Posts tagged ‘POl Pot’
The capitol of Cambodia is a raw and bustling entanglement of street venders, vehicles, businessmen, bicycles and sidewalk restaurants. Motorbike and tuk tuk drivers ask each passerby if they need a ride. Police sit in corner restaurants or stand by street intersections and observe the daily chaos.
As I walk around the city there is an unmistakeable friendliness that fills the air. Despite the poverty and long working hours of the people there are smiles everywhere. People want to get to know you. As I walked to the river one tuk tuk driver asked if I wanted a ride, “Tuk tuk?” “No, I am walking.” As point my index and middle finder down and move them back and forth as legs walking. “Oh….. Walking!” The driver pauses smiles and adds, “Walking is good too.”
Highlights in Phnom Pen include visiting the Royal Palace, National History Museum and walking by the river. It was a meaningful experience to visit the museums and memorial for the the victims of Pol Pots reign. Above all however, I enjoyed attending two Cambodian Living Arts (CLA) performances at the National Museum.
The CLA was formed in 1998 by Arn Chorn-Pond, a survivor of the Khmer Rouge genocide. About ninety percent of Cambodia’s artists were killed during the reign of Khmer Rouge and the traditional arts were at risk of extinction. The CLA was formed to keep the traditional Cambodian arts alive with a focus of providing opportunities for under privileged children to learn the arts and further pursue their educational endeavors.
My time in the capitol city proved that people are resilient and where there is a spark, a flame can be rekindled in the human spirit.
When I was in grammar school, in a land I did not know, a horror overcame an entire country called Khmer Rouge. The Khmer Rouge was the political party that won a revolution and their leader Pol Pot began a harsh rule to cleanse an entire nation. In four years he would be responsible for the deaths of two to three million of his own people. More than a quarter of his countries population.
Anyone who was educated or appeared educated were especially vulnerable. Schools and places of worship were closed and many in these institutions were executed. Teachers, monks, artists, doctors, business men and those with “soft hands” or who wore glasses, giving the appearance of being educated, were especially vulnerable. Children were executed with the parents because Pol Pot did not want the children to grow up with revenge against the government in their heart.
Complete cities were evacuated to camps to work in the field since city dwellers were also a root of evil. Families were separated.
Peasants from the country were Pol Pot’s heroes. However, even the peasants were treated harshly. People did not have enough food. The only religion the people needed was the new government.
As I walked up the steps at S21, a high school that was turned into an interrogation center and prison, my mind flashed to when I was a principal walking up the steps of our high school. As I walked the stairs, I thought about the principal and the teachers who worked here. ‘Did they live long enough to see what the new government would do to their students…their colleagues? Could they do anything at all before dying? How can anyone do this to children?’ As I walked from classroom to classroom little was left to the imagination as photographs of the executed were hung about. Pot instructed, “Better to kill an innocent then let an enemy survive.”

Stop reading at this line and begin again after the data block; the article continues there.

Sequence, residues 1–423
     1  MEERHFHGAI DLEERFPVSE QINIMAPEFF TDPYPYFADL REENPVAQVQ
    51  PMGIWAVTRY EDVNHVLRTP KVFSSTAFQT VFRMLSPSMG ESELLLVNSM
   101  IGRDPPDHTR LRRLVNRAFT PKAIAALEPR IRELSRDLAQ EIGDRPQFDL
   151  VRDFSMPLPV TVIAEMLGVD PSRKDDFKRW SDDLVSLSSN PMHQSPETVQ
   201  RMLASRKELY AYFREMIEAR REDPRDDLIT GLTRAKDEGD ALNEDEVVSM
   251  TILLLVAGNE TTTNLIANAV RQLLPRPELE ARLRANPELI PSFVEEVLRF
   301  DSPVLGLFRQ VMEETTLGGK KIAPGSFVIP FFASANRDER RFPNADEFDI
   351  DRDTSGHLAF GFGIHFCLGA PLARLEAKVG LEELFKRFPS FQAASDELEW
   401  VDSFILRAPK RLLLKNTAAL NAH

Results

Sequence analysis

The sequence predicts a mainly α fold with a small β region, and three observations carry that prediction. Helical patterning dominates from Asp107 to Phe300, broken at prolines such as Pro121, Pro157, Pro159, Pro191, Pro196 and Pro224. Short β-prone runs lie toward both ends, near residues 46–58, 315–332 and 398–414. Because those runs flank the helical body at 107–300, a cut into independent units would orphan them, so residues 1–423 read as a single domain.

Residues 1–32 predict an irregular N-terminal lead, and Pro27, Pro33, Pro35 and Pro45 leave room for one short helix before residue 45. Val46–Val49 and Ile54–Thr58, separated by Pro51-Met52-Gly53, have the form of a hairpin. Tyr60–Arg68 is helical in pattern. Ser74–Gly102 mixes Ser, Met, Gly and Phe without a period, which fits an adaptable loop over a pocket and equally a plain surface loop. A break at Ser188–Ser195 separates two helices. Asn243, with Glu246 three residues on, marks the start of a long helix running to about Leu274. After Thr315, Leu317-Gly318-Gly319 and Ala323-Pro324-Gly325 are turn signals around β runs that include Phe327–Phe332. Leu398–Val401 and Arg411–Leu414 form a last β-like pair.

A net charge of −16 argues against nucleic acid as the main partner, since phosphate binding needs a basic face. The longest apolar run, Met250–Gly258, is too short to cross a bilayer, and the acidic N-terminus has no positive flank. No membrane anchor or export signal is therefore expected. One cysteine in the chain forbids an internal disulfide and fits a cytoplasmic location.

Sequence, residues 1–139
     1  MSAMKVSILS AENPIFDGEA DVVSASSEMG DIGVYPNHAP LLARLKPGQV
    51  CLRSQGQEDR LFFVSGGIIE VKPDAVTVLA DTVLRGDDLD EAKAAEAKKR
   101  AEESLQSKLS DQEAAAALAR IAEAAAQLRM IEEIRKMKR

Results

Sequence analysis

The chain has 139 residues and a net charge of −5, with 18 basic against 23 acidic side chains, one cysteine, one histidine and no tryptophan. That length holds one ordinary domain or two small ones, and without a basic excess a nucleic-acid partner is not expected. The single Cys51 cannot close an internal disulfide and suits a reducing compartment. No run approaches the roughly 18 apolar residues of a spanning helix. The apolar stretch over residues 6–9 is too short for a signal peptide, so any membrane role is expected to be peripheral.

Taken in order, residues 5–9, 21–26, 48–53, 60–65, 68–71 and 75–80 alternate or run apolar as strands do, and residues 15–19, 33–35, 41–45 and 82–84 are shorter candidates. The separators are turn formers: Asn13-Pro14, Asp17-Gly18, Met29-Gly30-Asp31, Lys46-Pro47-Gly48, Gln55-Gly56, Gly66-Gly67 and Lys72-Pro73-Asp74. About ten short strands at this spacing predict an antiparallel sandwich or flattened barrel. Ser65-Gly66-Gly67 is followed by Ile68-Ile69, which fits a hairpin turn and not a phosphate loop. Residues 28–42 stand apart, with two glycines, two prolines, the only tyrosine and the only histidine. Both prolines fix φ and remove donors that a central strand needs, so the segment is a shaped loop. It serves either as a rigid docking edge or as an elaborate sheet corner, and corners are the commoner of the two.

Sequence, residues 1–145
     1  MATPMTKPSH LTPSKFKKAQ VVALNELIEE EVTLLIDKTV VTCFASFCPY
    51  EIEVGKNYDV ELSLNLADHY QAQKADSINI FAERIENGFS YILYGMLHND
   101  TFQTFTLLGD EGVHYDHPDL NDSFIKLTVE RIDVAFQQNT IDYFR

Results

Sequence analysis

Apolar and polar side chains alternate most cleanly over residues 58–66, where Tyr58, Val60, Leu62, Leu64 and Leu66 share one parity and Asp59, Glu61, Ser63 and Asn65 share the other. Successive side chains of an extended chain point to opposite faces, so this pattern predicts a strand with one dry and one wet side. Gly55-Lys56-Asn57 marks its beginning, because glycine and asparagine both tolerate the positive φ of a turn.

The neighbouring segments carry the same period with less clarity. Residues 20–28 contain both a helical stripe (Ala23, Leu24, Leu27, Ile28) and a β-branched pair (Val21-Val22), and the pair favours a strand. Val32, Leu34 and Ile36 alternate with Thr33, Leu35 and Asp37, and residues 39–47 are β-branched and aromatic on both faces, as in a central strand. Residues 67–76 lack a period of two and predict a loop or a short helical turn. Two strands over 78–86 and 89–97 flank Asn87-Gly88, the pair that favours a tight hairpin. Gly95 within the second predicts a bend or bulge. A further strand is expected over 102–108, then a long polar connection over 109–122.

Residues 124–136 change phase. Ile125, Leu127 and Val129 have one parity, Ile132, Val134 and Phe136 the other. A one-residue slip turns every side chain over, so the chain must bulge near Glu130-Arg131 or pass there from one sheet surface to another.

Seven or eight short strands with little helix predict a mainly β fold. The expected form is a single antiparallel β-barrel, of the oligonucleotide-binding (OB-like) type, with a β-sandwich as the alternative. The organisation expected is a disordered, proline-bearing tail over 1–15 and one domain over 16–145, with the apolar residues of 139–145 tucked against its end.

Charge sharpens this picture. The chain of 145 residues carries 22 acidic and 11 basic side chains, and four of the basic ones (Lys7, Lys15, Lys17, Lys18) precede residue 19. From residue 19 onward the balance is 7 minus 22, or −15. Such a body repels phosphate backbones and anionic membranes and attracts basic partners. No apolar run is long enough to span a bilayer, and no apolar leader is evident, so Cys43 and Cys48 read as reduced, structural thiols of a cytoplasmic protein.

People were interrogated and tortured for hours everyday. They pulled out their finger nails from their hands, used electric shock, beat, hung them upside down and dunked them into water and cut them open with tools that should be used only for farm work.
Officials hauled truckloads of their countrymen to be executed in killing field locations all over this country. At times the victims would have to dig their own grave pits before they were knelt down beside the pit and executed.
In addition to S21, I visited one of the killing fields. After going to Rwanda just a few months ago I was going to bypass this place. I was not sure if my heart could bear witness to another genocide of a people. However, I believe that it is important that we visit, talk and write about these things so that the unthinkable never happens again.
Final Thoughts to Consider–
After Khmer Rouge was driven out by the Vietnamese in 1979, rescuing the people from this hell, the ousted government was still recognize by the UN and many western governments for years. Many governments, including the United States, continued to financially support the Khmer Rouge which had fled into hiding. As I am here in Cambodia, I wonder how our western governments pick winners and losers in these third world countries. I also encourage you to consider:
1) Why our governments are more interested in helping people who are experiencing genocide and crimes against humanity when those people live on a land with great natural resource?
2) When our government choses a side, how do we know they have chosen correctly?